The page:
Pyramica rogata Bolton 2000

Dacetini, Formicidae, Hymenoptera, Insecta, Arthropoda, Animalia

worker face view

worker lateral view


Full Range: Mexico, Costa Rica.

Costa Rican Range: known from one collection from Wilson Botanical Garden near San Vito.


Mandible short and curving downward in profile; lateral head capsule with the antennal scrobe mostly or entirely smooth and shining; propodeal spines present (former Glamyromyrmex); leading edge of scape lacking erect setae; disc of postpetiole in dorsal view very broadly U-shaped or V-shaped, with an extremely deeply concave anterior face; spongiform tissue absent from ventral surface of petiole, postpetiole and first gastral sternite; face lacking erect setae; head in side view convex above and below, not flattened; pronotal humeral hair present. Also see Bolton (2000:175).

Natural History

Members of the genus are all predaceous, with a static pressure mode of attack (Bolton 1999).

This species is known from montane sites in southern Mexico and southern Costa Rica. Collections have been from forest floor leaf litter. The type specimens were from pine-oak-Liquidambar forest in southern Mexico, and specimens occurred in several litter samples taken by Bob Anderson on the slopes of Volcan Tacana, also in southern Mexico. Bolton (2000) also reports specimens collected by Wagner and Kethley in the southern mountains of Costa Rica, at Wilson Botanical Garden (Finca La Cruces).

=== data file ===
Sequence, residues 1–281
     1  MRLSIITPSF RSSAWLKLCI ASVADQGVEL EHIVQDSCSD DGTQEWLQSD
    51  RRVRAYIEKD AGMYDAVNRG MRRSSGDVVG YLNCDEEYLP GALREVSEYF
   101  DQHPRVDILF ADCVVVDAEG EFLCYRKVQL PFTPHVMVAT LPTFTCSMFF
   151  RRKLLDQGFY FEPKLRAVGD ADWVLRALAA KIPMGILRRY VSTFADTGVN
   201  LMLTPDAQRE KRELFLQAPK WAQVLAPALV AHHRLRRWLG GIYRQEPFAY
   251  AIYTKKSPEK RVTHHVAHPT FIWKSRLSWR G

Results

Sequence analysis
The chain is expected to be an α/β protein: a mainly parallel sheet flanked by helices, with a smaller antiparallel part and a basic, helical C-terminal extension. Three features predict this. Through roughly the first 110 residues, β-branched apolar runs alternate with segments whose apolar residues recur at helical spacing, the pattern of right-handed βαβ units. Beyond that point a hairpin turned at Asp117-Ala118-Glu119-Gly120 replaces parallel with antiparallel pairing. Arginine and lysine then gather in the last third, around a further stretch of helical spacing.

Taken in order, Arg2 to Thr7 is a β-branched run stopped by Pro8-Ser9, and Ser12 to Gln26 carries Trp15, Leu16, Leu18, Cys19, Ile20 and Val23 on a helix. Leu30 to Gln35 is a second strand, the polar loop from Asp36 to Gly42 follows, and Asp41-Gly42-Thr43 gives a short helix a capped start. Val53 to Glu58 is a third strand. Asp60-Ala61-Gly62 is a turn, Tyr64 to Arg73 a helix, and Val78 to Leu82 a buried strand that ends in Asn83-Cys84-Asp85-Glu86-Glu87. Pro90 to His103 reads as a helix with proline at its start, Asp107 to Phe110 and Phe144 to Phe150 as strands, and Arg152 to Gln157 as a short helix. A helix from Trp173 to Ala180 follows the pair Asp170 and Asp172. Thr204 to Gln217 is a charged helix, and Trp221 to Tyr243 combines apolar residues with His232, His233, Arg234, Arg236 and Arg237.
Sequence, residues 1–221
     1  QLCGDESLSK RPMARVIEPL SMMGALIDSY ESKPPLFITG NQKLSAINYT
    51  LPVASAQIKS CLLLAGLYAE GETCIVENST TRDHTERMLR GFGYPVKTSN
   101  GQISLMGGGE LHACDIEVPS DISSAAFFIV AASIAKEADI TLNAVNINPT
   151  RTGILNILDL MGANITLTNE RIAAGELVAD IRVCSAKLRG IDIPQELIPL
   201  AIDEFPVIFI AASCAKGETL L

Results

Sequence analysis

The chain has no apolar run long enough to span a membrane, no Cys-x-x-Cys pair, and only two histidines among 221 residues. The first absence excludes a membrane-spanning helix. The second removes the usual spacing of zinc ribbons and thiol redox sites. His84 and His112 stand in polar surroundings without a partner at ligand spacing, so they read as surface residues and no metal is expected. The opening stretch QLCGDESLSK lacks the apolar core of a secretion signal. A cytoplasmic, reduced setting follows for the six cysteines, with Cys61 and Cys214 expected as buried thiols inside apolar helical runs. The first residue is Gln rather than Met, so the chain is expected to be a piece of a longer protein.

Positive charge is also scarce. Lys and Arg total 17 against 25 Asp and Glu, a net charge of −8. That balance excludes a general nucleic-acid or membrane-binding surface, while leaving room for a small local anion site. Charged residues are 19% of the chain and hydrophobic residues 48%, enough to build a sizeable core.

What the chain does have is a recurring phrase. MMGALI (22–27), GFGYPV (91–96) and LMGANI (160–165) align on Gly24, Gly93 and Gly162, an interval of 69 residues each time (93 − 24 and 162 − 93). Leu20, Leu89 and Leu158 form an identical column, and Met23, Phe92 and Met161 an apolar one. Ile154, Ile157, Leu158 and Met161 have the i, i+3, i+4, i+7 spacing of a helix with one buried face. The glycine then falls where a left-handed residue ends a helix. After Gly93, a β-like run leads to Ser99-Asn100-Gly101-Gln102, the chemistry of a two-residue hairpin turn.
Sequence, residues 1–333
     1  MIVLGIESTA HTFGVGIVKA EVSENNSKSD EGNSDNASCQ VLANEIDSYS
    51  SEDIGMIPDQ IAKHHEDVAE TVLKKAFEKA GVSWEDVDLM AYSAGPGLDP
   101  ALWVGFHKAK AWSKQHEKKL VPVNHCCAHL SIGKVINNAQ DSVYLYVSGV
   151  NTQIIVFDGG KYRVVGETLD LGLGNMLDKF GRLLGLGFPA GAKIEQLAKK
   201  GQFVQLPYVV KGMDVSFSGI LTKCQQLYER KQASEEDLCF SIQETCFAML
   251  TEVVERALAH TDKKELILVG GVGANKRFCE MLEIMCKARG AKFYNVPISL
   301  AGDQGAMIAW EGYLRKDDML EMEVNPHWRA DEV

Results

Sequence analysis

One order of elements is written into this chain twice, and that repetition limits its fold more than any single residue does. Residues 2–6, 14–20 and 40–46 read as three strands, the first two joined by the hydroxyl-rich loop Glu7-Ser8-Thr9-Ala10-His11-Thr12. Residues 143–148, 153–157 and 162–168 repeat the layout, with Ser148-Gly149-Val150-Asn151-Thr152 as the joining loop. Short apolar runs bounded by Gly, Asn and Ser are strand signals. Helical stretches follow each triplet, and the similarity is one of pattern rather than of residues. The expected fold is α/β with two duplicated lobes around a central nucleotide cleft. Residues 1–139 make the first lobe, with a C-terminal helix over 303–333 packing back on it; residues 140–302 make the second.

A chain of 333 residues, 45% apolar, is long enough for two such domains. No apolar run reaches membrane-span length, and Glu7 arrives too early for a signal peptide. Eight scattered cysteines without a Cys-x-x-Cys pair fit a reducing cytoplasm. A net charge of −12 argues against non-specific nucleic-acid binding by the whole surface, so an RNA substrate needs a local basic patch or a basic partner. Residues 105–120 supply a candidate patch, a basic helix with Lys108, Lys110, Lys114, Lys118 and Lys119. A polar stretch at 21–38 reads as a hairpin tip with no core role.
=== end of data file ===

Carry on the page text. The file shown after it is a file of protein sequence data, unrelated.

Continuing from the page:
Original Description

Pyramica rogata Bolton 2000:175, fig. 129, 176, 177. Holotype worker: Mexico, Chiapas, 3.9mi S. Pueblo Nuevo, Solistahuacan, 5400ft, 28.viii.1973, (A. Newton) [MCZ]. Paratype worker: same data as holotype [BMNH].

Literature Cited

Bolton, B. 1999. Ant genera of the tribe Dacetonini (Hymenoptera: Formicidae). J. Nat. Hist. 33:1639-1689.

Bolton, B. 2000. The ant tribe Dacetini, with a revision of the Strumigenys species of the Malagasy Region by Brian L. Fisher, and a revision of the Austral epopostrumiform genera by Steven O. Shattuck. Memoirs of the American Entomological Institute 65:1-1028.

Page author:

John T. Longino, The Evergreen State College, Olympia WA 98505

Date of this version: 7 May 2001
Previous versions of this page: 30 July 1996
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